Immobile

Folks, I have never considered myself a very active person. I’m more of a “if I am running, you better be as well, because something is wrong”.

I rejoined Planet Fitness and have been good about going 3-4 days/week, only eating out when absolutely necessary (Starbucks doesn’t count) and making sure I am walking Pippa more often.

This doesn’t mean I gave up all sugar or did some wild and crazy diet. It just means I have made some lifestyle changes.

When I tipped the scale at 215 about 6 weeks ago I almost lost my mind. I can’t remember the last time I was over 200 pounds. I am assuming the stress and massive travel I have been doing (and eating out) caused a majority of my weight gain.

I finally hit under 200 pounds again this week! I was making progress! Until I hit a brick wall!

A week ago today I fell, it isn’t an exciting story, so I’ll spare those details. Instead I’ll show you what it looked like after 8 hours.

Shockingly it wasn’t broken, but f**k it hurt. The emergency room looked at it and said mmmhmmm, it’s a hematoma and gave me a big ass boot to wear. I was less than thrilled.

Made it through last weekend, but now I am restless and even though my boot is gone, I still have a brace. No running, long walks, stairs and especially no driving because of torn tendons and ligaments under the swelling. That has also meant no gym for me.

I have been trying to eat right, but being immobile has equaled no major activity.

Tomorrow I am forcing myself to at least work on abs and arms at the gym, just so I do not lose the progress I have been making.

I need to drink more water and rally back. I’m just hoping that this week didn’t put my progress too far back.

Help me keep going. Motivate me. Kick my ass in gear. Help keep me accountable. I will do the same for you.

Trauma Can Happen Anywhere

trau·maˈtroumə,ˈtrômə/

noun

1. a deeply distressing or disturbing experience.

In case you didn’t know the definition of trauma, there it is. 

Maybe you should note the words distressing or disturbing.

Let’s talk about what those two words mean.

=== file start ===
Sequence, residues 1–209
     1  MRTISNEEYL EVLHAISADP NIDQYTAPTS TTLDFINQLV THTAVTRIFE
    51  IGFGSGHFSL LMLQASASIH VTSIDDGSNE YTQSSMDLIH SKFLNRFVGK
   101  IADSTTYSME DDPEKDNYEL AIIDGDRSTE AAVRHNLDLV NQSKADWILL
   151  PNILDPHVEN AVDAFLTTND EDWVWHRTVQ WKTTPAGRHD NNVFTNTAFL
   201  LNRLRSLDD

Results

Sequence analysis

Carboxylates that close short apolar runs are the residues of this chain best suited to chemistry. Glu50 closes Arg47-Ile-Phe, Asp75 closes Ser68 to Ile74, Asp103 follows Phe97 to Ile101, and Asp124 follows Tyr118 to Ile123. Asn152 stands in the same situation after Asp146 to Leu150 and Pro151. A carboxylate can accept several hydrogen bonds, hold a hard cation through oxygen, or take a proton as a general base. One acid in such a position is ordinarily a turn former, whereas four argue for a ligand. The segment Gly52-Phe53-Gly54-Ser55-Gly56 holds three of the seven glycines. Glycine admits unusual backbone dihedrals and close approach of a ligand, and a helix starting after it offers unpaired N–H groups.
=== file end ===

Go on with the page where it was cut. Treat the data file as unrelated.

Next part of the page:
dis·tress·ing

dəˈstresiNG/

adjective

causing anxiety, sorrow or pain; upsetting.

dis·turb·ing

dəˈstərbiNG/

adjective

causing anxiety; worrying.

Those two words alone spell out trauma with their definitions. Anxiety can be traumatic and worrying can be traumatic. 

What’s traumatic for one is not necessarily traumatic for another. Many also call trauma PTSD and relate this to veterans and what they experience in war.  The thing is, PTSD doesn’t only happen to veterans.  

For example a woman who has previously been beat on may be traumatized when watching a television show where a woman gets hit.  Because of this the woman may choose to only watch certain television shows and movies. 

Another example is someone who may have been in a car accident can be traumatized when in a car with someone else or even driving themselves. Due to past trauma never getting in a car again is a possibility. 

These are kinda extreme examples, but hopefully you get the point.

Think about bad things that have happened in your life; storms, car accidents, natural disasters.  

If you have lived in Cleveland the blackout about 12 years ago was traumatic for some (by some I mean me on the 50th floor of Key Tower). 

For some September 11, 2001 is traumatizing and on its anniversary each year people want to hide in fear. 

Can trauma be overcome? Sure, over time and with the right support services. Counseling is one option, cognitive behavioral therapy is another and many prefer group therapy or peer support to get past things that happen in their life that they can’t shake. 

I focus on trauma today because there have been many traumatic things that have occurred in my life.  The odd thing is, the trauma doesn’t always surface immediately.  It can take years, as was the case this week. 

What can you do for someone suffering from trauma?